Before putting tax measures on the ballot, most cities get the word out and gauge public sentiment. But that didn’t happen in Guadalupe

The City Council recently voted to put a bond measure on the ballot to raise funds that will help pay to revitalize Guadalupe’s historic theater. And while the city may have had a short discussion about the potential bond earlier this year, it doesn’t seem to have received any public input prior to the June 11 meeting.

“This scheduling puts the cart before the horse or [keeps] people in the dark before they know what’s going on. It’s disgraceful and disrespectful,” resident Jeannie Mello told the City Council. “I’m not saying we shouldn’t aim high, but hope is not a plan, and you seem to hope that the community will come through.”

I guess skidding into deadlines with your fingers crossed and eyes closed tight sometimes works. No peeking!

The Santa Barbara County election ballot deadline is June 27 and use-it-or-lose-it grant deadlines are looming for the Royal Theater project, which is now over budget thanks to inflation and construction hasn’t even started yet—according to City Attorney Phil Sinco.

The city’s consultant said that the council had to vote on it at the June 11 meeting to make the ballot but could change its mind on June 25 (the second reading), I guess if the public decided to put up a big stink at a special meeting on June 18. 

The city’s really cramming it all together, isn’t it? Shouldn’t the special meeting about the bond measure have come before the City Council’s vote?

“You have more opportunities to say no. You don’t have more opportunities to say yes,” consultant Steve Gordon said. 

Actually, you could have had all the opportunities to say yes and no if Guadalupe had talked about the issue more, held multiple public meetings, surveyed folks, educated them—all the normal things that other cities do before plopping taxes on the ballot.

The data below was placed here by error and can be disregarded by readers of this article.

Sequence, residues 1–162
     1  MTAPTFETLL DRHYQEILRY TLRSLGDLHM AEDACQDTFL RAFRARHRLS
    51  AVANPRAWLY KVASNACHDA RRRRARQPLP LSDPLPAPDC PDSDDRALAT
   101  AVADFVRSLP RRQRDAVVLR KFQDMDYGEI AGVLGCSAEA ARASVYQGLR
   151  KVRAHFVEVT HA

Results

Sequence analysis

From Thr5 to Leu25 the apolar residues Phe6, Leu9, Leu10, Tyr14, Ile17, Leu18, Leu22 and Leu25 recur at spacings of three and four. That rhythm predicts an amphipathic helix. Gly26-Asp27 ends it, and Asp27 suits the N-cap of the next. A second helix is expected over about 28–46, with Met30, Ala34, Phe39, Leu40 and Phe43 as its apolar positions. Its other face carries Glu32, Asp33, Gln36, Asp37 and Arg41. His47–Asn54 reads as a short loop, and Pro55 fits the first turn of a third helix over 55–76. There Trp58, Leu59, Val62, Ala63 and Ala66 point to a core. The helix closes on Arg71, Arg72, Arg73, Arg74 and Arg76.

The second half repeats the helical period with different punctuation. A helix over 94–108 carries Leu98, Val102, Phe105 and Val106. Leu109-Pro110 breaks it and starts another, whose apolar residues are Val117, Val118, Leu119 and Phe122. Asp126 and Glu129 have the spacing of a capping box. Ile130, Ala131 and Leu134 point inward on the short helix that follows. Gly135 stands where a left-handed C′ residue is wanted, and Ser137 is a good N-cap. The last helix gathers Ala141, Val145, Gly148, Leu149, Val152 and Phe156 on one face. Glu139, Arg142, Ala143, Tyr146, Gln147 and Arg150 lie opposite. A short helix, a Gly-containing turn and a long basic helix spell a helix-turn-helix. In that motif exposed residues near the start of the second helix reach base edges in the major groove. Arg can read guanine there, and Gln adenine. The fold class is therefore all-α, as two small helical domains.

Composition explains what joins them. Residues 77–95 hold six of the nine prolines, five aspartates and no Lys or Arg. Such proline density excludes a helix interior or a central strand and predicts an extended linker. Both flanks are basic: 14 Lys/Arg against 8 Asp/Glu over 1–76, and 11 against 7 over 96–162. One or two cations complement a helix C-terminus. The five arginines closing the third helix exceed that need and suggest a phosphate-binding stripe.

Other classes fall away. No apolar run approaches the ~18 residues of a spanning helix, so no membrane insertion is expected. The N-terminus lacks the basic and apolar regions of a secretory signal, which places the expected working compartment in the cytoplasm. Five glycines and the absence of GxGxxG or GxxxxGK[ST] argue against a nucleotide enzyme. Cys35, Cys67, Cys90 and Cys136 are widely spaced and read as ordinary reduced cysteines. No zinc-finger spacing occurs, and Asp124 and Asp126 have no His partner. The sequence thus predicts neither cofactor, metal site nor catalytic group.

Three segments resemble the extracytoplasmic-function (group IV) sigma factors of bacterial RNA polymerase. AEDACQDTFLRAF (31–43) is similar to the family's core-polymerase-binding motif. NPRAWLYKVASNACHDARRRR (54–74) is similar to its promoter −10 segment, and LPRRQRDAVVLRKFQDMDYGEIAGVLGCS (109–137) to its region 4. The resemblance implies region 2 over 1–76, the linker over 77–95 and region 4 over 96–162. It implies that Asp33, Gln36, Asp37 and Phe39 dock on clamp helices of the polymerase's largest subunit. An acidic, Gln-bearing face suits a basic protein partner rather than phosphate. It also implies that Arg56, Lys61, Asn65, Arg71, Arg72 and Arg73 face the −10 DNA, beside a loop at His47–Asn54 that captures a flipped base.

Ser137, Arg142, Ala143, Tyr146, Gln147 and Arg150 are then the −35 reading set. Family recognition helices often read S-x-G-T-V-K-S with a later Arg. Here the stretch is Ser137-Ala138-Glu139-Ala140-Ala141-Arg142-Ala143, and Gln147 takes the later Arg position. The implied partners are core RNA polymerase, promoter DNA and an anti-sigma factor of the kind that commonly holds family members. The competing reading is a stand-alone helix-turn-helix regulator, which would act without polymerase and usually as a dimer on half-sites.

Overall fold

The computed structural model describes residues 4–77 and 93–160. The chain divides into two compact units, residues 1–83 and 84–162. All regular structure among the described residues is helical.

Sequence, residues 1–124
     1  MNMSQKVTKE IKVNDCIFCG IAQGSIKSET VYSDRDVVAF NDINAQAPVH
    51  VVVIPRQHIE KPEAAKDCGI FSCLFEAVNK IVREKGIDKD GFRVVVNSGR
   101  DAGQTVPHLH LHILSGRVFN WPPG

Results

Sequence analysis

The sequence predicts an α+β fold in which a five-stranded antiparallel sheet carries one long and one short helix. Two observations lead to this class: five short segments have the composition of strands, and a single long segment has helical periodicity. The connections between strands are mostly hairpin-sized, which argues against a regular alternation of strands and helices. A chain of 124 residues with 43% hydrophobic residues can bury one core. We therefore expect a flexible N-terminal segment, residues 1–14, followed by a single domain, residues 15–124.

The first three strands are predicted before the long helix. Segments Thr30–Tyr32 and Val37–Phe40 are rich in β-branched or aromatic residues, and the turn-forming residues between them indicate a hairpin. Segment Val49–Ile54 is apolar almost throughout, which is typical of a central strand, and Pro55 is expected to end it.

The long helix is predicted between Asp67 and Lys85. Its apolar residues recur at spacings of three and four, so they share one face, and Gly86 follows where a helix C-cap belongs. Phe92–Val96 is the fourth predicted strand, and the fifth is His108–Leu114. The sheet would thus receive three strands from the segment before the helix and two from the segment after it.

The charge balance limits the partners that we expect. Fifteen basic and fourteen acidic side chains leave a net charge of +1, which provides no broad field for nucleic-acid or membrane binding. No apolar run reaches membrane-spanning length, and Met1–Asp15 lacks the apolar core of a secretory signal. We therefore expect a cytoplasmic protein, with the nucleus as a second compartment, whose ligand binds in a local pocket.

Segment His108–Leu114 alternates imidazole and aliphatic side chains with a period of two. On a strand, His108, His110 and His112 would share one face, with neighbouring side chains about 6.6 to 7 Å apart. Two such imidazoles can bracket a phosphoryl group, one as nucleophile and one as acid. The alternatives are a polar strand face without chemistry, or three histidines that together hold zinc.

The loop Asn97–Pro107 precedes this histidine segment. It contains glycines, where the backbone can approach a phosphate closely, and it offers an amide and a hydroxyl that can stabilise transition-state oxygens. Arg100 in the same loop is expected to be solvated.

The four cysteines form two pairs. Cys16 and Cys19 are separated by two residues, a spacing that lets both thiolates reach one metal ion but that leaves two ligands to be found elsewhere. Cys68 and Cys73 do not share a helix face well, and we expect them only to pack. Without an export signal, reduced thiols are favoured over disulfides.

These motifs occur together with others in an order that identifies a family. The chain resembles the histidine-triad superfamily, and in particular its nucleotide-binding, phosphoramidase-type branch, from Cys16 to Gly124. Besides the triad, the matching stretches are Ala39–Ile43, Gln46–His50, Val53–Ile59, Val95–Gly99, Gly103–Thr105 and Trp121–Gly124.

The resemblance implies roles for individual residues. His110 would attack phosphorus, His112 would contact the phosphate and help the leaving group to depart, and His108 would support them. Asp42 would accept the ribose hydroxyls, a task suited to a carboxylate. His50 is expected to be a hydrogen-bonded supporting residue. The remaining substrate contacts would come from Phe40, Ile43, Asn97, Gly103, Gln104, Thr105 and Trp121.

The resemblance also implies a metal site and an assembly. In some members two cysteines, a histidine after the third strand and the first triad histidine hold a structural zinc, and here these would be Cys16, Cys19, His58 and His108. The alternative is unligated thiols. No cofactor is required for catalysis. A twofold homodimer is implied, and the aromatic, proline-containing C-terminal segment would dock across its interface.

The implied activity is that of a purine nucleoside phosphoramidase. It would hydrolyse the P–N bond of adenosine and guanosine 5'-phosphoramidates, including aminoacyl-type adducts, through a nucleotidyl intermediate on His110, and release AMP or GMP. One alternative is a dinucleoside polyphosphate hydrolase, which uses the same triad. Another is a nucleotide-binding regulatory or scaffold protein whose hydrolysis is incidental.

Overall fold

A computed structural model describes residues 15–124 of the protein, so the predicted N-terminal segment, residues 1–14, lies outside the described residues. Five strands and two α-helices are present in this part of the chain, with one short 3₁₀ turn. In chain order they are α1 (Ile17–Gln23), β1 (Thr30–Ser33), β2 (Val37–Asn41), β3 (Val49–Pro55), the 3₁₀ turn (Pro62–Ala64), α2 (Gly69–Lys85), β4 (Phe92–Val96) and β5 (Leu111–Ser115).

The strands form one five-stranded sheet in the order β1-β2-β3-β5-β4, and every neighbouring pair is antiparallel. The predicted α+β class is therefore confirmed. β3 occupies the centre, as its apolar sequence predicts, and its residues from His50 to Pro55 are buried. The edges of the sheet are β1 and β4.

Didn’t the city know the grant deadlines were coming? And inflation isn’t new, is it? Project costs always rise. That should be built into the initial cost estimates, right? It’s weird that it never is. 

Meanwhile, even the mayor isn’t so sure about this whole bond thing. The nearly $3 million bond would add about $77 per year to property taxes, and Mayor Ariston Julian called it a “hard hill to climb.” Why? Voters passed bond measures in 2020 for public safety and 2022 for the school district. Will they do it for a theater when another local school district is also putting a bond measure on the ballot?

“I think we’ve heard individuals speak,” Julian said. “I know they’re not opposed to a theater; they are opposed to how we go about it.”

Yep. As in, everyone believes that renovating the historic Royal Theater will be good for the city. Not everyone believes they should be taxed more to do it. Arts and entertainment doesn’t quite rise to the same level as education and public safety. 

Duh! And maybe it should. But that’s not the reality we live in. 

Or maybe it is. Fingers crossed, Guadalupe, that voters aren’t feeling the need to penny pinch come November. And keep those eyes shut!

The Canary thinks peekers are cheaters. Send eye masks to [email protected].

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